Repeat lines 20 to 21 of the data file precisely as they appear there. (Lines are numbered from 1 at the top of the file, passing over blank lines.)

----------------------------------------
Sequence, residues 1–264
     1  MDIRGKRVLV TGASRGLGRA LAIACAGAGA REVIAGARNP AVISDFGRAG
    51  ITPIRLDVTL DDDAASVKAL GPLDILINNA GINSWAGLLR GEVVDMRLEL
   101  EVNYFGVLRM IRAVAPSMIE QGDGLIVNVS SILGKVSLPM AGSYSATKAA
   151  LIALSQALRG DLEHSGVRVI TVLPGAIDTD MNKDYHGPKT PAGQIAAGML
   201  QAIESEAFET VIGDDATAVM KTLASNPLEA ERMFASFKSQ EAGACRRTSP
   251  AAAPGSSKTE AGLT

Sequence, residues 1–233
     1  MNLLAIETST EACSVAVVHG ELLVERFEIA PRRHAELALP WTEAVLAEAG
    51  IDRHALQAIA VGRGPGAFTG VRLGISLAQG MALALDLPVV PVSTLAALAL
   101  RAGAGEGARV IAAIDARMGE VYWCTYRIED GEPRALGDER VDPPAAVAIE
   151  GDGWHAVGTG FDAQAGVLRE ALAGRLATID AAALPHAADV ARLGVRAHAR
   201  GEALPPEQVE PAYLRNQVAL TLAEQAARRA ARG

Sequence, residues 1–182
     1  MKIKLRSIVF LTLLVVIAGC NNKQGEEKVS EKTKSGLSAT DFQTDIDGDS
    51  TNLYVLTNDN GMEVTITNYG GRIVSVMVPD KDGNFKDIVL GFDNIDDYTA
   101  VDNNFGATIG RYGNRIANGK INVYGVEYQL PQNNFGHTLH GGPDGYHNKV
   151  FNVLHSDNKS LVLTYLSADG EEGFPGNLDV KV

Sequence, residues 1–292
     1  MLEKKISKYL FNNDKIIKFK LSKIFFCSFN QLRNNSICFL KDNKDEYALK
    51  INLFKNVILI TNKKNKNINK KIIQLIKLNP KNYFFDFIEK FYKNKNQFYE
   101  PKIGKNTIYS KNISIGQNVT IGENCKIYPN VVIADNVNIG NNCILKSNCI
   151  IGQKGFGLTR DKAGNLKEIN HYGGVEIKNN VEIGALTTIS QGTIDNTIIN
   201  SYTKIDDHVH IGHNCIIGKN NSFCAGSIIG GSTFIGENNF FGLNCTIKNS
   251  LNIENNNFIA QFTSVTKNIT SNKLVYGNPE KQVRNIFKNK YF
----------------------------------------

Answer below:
     1  MLEKKISKYL FNNDKIIKFK LSKIFFCSFN QLRNNSICFL KDNKDEYALK
    51  INLFKNVILI TNKKNKNINK KIIQLIKLNP KNYFFDFIEK FYKNKNQFYE